I tried to write something upbeat and lighthearted today. I really did. But the truth is, I am having one of those introspective, deep thinking, my burdens are too heavy, one set of footprints days. You know the kind? It's all just a bit too much and still not as much as many others are enduring. It will pass as all these things do. The sun will shine again and life will resume its normal nuttiness because God is great like that and he promises good things to follow bad and so we can tell the difference we have to endure both.
The reason for my woe is me baditude? Well, about 10 years ago I was faced with a decision that changed not only my life but the lives of all the people I love. It was hard in the truest sense of the word. My 13 month old niece, Abigail Grace and and 6 week old nephew, Kenneth Michael had been taken from their birth mother and placed in protective custody. My mom took them initially but was unable to keep them. I was asked to step in. Kinsey's dad and I had been separated for about six months. I was just beginning a relationship with Richard. I had enrolled in college as a 26 year old single mom with a 21 credit hour schedule in my first semester and was working part time as the craft and fabric department manager at a craft store where I was responsible for finishing display works for the items in my departments. I was barely holding together my little family of three. Both kids were adjusting to a new home and only one full time parent. I was overwhelmed and suddenly had two more babies who depended on me for everything. Our lives were chaos. Daycare and school, dinner, homework, baths, and bedtime then up til 2 or 3 every morning doing my own homework. Kenny had reflux and would projectile vomit several times a night then wake up crying. Abbey would usually wake up when she heard Kenny and she shared a room with Kinsey so every time she woke up so did Kinsey, who had just started Kindergarten. We were living on a fixed income and the financial burden was tough but we survived. I juggled everything for a couple of months. Not long enough to perfect our schedules but long enough to realize I was not effectively parenting anyone. I called the caseworker, crying so hard she could hardly understand what I was saying, and told her I couldn't do it. Then I laid on the floor next to my bed for hours crying and praying.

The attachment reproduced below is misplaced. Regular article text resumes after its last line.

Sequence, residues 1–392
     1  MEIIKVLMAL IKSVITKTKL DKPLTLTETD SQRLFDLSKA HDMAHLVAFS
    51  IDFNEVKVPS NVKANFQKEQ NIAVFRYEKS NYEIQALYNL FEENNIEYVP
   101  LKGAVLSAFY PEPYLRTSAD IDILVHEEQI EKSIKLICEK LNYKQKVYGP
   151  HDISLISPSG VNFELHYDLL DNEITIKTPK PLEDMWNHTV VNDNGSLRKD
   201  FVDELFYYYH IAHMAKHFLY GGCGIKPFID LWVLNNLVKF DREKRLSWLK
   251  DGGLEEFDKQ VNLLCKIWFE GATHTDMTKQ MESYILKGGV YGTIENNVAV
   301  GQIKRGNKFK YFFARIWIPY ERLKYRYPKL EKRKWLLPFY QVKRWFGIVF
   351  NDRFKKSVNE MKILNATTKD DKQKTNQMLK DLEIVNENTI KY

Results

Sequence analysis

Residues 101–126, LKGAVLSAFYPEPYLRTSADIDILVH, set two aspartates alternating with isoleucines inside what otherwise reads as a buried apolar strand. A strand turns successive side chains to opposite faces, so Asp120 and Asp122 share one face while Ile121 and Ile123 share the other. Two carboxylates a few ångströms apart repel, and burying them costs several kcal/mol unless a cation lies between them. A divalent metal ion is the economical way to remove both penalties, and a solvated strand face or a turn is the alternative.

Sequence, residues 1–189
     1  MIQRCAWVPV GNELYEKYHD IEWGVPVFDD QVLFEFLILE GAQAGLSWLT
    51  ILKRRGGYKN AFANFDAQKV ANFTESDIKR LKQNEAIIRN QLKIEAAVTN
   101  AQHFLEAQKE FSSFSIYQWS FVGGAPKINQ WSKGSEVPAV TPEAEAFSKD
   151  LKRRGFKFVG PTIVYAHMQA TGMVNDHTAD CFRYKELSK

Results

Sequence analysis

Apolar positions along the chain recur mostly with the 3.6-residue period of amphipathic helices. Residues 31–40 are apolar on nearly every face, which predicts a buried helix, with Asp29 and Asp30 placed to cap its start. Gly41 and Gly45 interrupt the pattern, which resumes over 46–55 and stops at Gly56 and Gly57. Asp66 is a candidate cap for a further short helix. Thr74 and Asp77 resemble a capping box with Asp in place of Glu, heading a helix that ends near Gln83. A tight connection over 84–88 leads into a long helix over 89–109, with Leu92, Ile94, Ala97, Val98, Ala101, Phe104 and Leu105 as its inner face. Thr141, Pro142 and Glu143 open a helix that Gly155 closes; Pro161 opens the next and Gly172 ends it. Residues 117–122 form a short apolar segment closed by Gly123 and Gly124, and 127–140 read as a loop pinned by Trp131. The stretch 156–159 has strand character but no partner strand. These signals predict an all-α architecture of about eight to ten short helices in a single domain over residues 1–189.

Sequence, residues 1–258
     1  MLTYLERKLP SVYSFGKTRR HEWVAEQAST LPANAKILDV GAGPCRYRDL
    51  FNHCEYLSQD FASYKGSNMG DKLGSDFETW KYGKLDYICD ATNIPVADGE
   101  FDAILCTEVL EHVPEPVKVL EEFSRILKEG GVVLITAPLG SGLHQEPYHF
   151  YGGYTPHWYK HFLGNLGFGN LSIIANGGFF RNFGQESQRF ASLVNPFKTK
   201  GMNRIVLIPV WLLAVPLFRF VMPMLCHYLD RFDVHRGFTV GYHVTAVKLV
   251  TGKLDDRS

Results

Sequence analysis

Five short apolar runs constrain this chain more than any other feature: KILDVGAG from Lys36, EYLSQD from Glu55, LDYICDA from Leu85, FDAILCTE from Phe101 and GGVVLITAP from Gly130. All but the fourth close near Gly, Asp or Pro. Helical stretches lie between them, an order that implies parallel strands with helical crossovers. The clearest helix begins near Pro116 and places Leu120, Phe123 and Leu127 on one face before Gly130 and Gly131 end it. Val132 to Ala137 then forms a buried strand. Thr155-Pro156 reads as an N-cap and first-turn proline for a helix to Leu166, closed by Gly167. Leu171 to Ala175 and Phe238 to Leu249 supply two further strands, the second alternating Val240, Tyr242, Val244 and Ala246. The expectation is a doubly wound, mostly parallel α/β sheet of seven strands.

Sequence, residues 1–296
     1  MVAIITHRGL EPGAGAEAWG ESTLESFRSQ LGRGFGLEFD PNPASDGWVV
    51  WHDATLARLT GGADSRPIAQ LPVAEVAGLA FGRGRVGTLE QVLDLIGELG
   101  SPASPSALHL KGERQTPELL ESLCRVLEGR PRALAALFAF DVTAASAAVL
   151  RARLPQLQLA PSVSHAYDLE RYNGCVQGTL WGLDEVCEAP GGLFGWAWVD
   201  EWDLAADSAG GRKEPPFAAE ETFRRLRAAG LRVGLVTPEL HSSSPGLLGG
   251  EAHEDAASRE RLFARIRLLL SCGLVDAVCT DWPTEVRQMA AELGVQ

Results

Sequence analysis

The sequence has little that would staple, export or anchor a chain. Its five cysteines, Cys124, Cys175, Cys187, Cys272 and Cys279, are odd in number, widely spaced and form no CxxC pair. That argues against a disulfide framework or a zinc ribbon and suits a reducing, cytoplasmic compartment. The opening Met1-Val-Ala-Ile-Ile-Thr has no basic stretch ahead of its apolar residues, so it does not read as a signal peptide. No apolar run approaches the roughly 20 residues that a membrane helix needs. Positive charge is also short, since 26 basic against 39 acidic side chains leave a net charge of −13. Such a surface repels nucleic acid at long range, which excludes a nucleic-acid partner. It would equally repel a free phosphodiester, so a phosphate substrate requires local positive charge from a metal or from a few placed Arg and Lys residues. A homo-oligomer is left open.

The caseworker told me all about the new foster family. I checked with everyone I knew in the system and was told over and over again how well the babies would be cared for. The day I dropped them off I packed all their freshly laundered things in a box with the fleece blankets I had made for them, buckled them into their carseats and just drove until they fell asleep. I watched their little faces in the rear view mirror and thought over and over again that I could change my mind at any time. I carried Kenny in first, sleeping in his infant car seat. Then I picked Abbey up and snuggled her against me, relishing the weight of her in my arms. I carried her in and her new foster mom told me to lay her in the pack n play. I laid her there and the tears began to flow. I knew when she woke up she would cry for me. She would wonder where she was and why I had left her. She wouldn't understand. She would never, ever understand how I could do that. And neither would I. I had watched her come into the world, was in the room when she was born. She trusted me and loved me. And I left her there. With strangers. For the next year or so I provided respite care for the kids, I requested them on special weekends and for family events. I supervised visits with their parents and wrote reports for the court. I attended FST meetings and I stayed involved. And then my schedule became more hectic and Richard asked me to marry him and we were planning a wedding. I went on with my life. Their foster mom stopped asking me to keep them. When I saw them at ballgames they hid their faces and acted like I was a stranger. It hurt but I thought it was good. I thought they had found their family and they would be safe, loved. Richard and I began trying to have a baby of our own. It didn't happen right away. I was sure it was because God had given me two beautiful babies already and I had given them away. Then I don't know exactly what happened but suddenly they had been adopted. By another family. People we had never met. People we didn't know anything about. They were no longer living in our community. We no longer ran into them on a regular basis. My daughter didn't share classes with their foster sister anymore. I lost contact and control and could no longer pretend that the choice I made didn't affect every one of us. I think of them all the time. I ask about them often but no one really has the hard answers I want...what are they like, are they happy, are their parents kind, do they love them for real? Like mothers and fathers should? And every day in my job I see kids damaged by broken bonds in adoption and foster care. Angry and hurting and broken because the people God chose for them ultimately could not care for them. Whatever the reason. And the truth haunts me. Was I chosen for them? Did I choose to ignore that? Should I have given up other things, like school and work to care for them? I don't know if I will ever know. And a part of me doesn't want to because I can reason it all away. But in reality I look at Alayna, my sweet baby girl and I think of Abbey, roughly the same age and how it would feel to walk away from her now and I don't know how I did it. Was I so completely exhausted and depleted that it was self preservation or was it just plain selfish? I pray for them every single day. I always will. Just as I pray for my own children. Richard has told me many times that if I had kept Abbey and Kenny we would not have had our own children. It would not have been financially feasible for us. Would I trade Ethan and Alayna for the world? NO!! But would God provide for however many children He blessed us with, biological or other...I believe He would have. Given the choice now, with a wonderful husband, a roof over our heads, an education to fall back on, a stable job, there would be no question. Of course I would raise them. No questions asked. Of course I would. And that is the thing that haunts me. How 10 years can make so much difference.